Back to Earth
Wendy Calvin is the new director of the Great Basin Geothermal Center. She formerly worked with NASA’s Mars missions, studying where water may have met land on that planet. Now she’s looking at where water and land interact closer to home.
What kind of potential does Nevada have for geothermal energy compared to other places?
Geothermal in Nevada, I think, could be huge. In terms of the total number of megawatts, we have active plants that are delivering in—I don’t know the precise number, but some estimates suggest we could have 10 times our current value. And that’s just because of where Nevada is and the local geologic setting, and the crust in Nevada is thin. That brings hot water to the surface, so we can use that to heat buildings. They dry onions out at the Brady plant.
They do what?
They use the heat to directly dry onions. … But I think power production and electricity generation is probably the biggest application. Most states have Renewable Energy Portfolios, where they’re promising to put so much green energy online five or 10 years from now. So the greatest use of that is to use hot water in that way, then use turbines, and that generates electricity.
What obstacles are there to making Nevada a leader in geothermal energy?
I think, through the history of the Great Basin, we have a pretty good sense of the likely resources. I think one of the biggest hurdles and challenges is picking a place to drill … you have to drill and come up with hot water, and it has to be a specific temperature in order to have the heat exchange to generate electricity. There’s a lot of research going on to find how to do better energy generation from lower temperature systems and better exploration approaches. … It’s fairly well understood how oil and gas is trapped, but in some ways, the geothermal exploration industry is where oil and gas was 80 or 60 years ago.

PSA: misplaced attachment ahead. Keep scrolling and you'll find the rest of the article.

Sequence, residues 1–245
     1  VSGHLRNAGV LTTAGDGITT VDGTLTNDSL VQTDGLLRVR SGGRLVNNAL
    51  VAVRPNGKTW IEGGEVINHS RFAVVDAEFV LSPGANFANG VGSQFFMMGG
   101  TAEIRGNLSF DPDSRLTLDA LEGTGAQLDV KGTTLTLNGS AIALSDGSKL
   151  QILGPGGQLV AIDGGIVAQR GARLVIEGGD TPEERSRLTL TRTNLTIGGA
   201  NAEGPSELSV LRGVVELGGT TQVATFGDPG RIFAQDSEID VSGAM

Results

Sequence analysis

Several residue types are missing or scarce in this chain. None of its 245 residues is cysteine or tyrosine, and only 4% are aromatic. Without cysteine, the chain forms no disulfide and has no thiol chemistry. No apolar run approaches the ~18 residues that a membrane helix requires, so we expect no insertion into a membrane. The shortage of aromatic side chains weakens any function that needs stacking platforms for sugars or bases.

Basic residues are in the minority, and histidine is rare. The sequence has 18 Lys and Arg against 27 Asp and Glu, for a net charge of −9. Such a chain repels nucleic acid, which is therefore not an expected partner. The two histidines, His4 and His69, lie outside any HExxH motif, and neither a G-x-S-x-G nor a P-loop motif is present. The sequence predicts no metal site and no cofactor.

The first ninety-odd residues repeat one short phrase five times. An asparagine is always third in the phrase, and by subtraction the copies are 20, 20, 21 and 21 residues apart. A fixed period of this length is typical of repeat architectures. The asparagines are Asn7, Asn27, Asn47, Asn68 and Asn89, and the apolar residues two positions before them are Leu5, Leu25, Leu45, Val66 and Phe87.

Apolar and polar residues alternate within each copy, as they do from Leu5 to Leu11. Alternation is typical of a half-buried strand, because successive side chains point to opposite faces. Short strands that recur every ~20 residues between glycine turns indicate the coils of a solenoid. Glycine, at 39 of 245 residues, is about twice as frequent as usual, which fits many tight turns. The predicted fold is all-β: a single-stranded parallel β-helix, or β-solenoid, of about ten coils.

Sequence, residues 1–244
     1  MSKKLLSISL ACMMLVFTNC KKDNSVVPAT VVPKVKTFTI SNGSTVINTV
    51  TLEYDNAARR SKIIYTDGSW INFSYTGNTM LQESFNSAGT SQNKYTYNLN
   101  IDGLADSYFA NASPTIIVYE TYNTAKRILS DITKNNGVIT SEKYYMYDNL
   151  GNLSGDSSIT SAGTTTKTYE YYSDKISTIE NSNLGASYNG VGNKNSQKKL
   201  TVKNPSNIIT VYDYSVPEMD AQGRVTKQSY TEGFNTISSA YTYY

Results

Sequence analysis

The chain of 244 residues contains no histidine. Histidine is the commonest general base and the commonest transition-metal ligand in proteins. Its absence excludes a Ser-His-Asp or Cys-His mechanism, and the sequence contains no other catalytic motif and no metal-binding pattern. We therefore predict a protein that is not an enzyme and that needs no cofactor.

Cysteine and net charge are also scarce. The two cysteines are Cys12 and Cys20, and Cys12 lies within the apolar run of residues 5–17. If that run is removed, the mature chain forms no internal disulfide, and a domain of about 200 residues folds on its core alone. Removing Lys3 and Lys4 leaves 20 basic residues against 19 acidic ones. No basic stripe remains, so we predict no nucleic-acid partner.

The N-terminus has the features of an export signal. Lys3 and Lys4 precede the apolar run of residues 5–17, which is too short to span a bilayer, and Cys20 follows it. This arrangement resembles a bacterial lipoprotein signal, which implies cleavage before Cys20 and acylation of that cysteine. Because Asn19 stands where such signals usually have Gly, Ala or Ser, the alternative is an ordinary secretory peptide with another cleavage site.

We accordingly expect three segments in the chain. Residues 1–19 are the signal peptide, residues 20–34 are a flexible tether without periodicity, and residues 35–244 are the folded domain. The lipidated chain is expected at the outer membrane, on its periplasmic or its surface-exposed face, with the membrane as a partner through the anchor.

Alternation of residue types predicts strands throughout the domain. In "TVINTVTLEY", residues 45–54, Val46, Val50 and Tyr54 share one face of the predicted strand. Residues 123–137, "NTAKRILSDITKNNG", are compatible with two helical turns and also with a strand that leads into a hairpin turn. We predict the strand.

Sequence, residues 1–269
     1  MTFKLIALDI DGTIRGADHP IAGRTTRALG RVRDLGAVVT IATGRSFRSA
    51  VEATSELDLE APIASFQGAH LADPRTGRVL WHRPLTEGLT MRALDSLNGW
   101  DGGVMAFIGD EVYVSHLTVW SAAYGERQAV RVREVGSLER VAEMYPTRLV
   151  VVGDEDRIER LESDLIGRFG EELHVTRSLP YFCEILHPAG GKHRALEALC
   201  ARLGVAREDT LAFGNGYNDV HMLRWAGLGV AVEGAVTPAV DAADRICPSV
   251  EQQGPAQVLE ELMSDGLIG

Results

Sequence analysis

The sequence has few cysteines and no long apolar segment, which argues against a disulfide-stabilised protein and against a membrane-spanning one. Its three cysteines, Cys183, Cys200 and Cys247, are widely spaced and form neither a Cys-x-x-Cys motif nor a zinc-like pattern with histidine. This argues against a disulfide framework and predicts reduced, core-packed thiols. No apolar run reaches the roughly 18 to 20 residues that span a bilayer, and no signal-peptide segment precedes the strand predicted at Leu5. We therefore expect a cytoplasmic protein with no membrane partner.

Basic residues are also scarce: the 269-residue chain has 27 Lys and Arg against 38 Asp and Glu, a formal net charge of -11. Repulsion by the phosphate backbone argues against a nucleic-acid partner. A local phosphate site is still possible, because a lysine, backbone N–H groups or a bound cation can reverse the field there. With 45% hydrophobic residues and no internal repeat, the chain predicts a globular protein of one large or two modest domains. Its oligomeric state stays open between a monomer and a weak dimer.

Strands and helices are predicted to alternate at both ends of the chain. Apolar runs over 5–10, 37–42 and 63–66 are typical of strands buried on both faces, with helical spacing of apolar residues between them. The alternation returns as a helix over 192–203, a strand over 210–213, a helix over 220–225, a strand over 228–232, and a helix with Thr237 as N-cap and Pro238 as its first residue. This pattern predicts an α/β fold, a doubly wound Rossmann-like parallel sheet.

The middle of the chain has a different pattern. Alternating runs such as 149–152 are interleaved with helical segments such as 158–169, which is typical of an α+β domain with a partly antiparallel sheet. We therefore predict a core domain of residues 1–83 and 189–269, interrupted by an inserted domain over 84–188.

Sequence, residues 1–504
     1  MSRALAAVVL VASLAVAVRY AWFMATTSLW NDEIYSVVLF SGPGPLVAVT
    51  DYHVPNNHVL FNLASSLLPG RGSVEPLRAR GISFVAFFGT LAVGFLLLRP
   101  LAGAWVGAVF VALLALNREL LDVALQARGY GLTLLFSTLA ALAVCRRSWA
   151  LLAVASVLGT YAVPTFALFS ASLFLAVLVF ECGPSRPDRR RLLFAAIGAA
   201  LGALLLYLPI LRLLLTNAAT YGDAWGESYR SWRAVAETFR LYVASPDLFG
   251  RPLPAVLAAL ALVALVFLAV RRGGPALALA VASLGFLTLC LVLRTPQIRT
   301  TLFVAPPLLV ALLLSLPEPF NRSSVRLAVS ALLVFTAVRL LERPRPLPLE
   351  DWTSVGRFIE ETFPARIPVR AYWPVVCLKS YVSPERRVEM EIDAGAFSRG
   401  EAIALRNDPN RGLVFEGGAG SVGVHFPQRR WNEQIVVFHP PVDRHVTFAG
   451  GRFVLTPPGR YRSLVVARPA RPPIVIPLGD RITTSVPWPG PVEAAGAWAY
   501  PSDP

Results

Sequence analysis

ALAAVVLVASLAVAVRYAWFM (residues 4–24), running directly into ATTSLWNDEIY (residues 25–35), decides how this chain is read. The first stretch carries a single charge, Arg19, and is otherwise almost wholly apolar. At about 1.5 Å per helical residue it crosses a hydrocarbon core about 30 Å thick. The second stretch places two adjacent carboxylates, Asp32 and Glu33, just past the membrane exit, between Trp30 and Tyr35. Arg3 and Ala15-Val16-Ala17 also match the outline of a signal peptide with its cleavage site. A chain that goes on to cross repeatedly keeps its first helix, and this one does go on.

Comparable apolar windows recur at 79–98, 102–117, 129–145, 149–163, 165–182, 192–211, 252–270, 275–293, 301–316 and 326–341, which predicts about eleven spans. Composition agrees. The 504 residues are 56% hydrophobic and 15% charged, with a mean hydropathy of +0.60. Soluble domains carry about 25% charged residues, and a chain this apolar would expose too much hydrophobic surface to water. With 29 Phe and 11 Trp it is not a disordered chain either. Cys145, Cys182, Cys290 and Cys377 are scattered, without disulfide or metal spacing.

How does geothermal drilling differ from drilling for oil and gas?
You’re not consuming the hot water you’re pulling out of the ground. You bring it to the surface, run it through a heat exchanger and through a turbine. … In oil and gas, you’re extracting something that you’re going to use and burn and never get back. It’s going to put CO2 in the atmosphere. In geothermal, you’re basically taking the heat out of it, using that to run turbines, which generates electricity, and the water you take out goes back into the ground. So it’s kind of a recycling process. You’re mining the heat instead of the water. … And geothermal is really low in CO2. You’re not burning any fossil fuels to generate electricity, so it has a low carbon footprint and a low spatial footprint. You don’t need acres and acres of land for a geothermal plant. … It has a very small physical footprint to generate the same amount of energy as solar or wind.
Why are you interested in this kind of work?
What I do is exploration, exploring the solar system and figuring out what’s out there. What I wanted to do was come back to Earth and do something a little closer to home. So the exploration was to find out good spots for geothermal resources. So I’m interested in exploration and finding new things. And the rock and water interactions [on Mars] naturally led to looking at earth and rock and water interactions. The thing that’s interesting here is the geothermal portion of that. …
That reminds me, there are some new geothermal programs at UNR.
We have the National Geothermal Academy. They were calling it an “institute,” but we’re calling it an academy now. … We’ll be doing a number of summer, one-week sessions that feed into our renewable energy minor … things that are specifically about geothermal but link into bigger programs.